The programme will be rolled out across the rest of the 27-nation bloc on July 1.
Croatia, Denmark, Bulgaria, the Czech Republic and Poland are the other countries starting early, according to the European Commission.
Greece, which depends heavily on tourism, has been pressing for the commonly recognised certificate that uses a QR code with advanced security features.
The move comes as Brits gear up for the summer holiday season following the return of international travel in May.
Holidaymakers are hoping for destinations like the Greek islands to switch to the quarantine-free green list during the travel announcement on Thursday.
Who can get the EU vaccine certificate?
Certificates are being issued to:
Fully vaccinated people
People who have contracted the virus and developed antibodies
Others who have had a PCR test within the past 72 hours
How does the EU vaccine certificate work?
The documents will have both digital and paper forms.
They will be free of charge, distributed in the national language plus English and be valid in all the bloc’s countries.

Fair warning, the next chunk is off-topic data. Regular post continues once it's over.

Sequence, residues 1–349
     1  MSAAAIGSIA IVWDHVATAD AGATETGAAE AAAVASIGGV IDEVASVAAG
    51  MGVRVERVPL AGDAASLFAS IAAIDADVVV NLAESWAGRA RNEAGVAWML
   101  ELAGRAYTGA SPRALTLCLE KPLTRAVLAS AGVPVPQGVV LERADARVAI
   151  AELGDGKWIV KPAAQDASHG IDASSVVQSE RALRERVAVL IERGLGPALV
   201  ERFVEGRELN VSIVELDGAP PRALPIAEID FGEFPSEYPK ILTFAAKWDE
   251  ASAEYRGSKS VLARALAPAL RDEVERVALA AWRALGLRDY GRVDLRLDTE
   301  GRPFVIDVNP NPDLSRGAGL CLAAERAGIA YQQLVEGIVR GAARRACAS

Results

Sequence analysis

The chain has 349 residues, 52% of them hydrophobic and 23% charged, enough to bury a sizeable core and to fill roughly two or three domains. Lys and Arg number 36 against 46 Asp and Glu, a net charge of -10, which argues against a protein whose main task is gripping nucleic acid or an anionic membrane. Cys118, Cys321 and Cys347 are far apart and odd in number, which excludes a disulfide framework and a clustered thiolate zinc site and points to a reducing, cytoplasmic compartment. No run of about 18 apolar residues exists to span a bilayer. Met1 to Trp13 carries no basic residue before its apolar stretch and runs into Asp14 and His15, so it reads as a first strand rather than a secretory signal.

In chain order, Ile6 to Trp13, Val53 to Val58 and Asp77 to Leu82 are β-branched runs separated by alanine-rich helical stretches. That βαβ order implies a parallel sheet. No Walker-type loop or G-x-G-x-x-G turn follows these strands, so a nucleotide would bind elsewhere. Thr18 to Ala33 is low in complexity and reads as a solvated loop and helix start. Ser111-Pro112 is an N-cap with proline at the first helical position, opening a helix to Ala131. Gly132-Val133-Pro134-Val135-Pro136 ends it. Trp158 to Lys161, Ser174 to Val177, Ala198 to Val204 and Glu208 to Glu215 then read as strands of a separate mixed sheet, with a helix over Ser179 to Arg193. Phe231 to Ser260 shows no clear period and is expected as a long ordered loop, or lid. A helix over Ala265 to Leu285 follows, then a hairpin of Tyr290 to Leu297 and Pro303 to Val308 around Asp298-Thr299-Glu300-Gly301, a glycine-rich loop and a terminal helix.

A ‘crucial step’ towards safer travel
EU health commissioner Stella Kyriakides said: “EU citizens are looking forward to travelling again, and they want to do so safely.
“Having an EU certificate is a crucial step on the way,”
Greece’s digital governance minister, Kyriakos Pierrakakis, said easier travel will open up within the EU as nations adopt the new verification standard.
“What will happen is that countries will stop issuing certificates using their own convention and adopt the common convention,” Mr Pierrakakis told private Skai television.
“That will simplify things considerably, because you can imagine the number of bilateral agreements that would otherwise need to be worked out.”
What to expect
Mr Kyriakides said in the next few weeks, all EU nations need to “fully finalise their national systems to issue, store and verify certificates so the system is functioning in time for the holiday season”.
Countries will be allowed to add extra vaccines to their individual entry list, including those that have not been formally approved for use across the EU.
The European Commission believes that people who are vaccinated should no longer have to be tested or put into quarantines, regardless of where they are travelling to or from, starting 14 days after receiving their second jab.
Member countries, however, have not yet endorsed that recommendation.